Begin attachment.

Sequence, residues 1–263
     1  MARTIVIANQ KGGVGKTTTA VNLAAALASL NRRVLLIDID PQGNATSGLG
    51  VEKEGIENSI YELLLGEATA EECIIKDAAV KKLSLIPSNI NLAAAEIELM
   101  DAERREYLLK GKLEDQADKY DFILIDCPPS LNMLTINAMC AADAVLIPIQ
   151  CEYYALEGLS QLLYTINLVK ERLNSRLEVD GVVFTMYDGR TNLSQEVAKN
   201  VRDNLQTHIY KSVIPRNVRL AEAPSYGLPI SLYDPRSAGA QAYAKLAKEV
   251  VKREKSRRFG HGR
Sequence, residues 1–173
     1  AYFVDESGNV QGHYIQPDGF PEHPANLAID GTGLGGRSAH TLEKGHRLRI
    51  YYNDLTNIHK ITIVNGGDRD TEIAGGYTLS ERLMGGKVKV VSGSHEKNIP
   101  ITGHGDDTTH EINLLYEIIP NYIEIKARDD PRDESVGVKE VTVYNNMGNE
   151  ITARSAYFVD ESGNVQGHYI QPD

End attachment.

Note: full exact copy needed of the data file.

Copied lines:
Sequence, residues 1–263
     1  MARTIVIANQ KGGVGKTTTA VNLAAALASL NRRVLLIDID PQGNATSGLG
    51  VEKEGIENSI YELLLGEATA EECIIKDAAV KKLSLIPSNI NLAAAEIELM
   101  DAERREYLLK GKLEDQADKY DFILIDCPPS LNMLTINAMC AADAVLIPIQ
   151  CEYYALEGLS QLLYTINLVK ERLNSRLEVD GVVFTMYDGR TNLSQEVAKN
   201  VRDNLQTHIY KSVIPRNVRL AEAPSYGLPI SLYDPRSAGA QAYAKLAKEV
   251  VKREKSRRFG HGR
Sequence, residues 1–173
     1  AYFVDESGNV QGHYIQPDGF PEHPANLAID GTGLGGRSAH TLEKGHRLRI
    51  YYNDLTNIHK ITIVNGGDRD TEIAGGYTLS ERLMGGKVKV VSGSHEKNIP
   101  ITGHGDDTTH EINLLYEIIP NYIEIKARDD PRDESVGVKE VTVYNNMGNE
   151  ITARSAYFVD ESGNVQGHYI QPD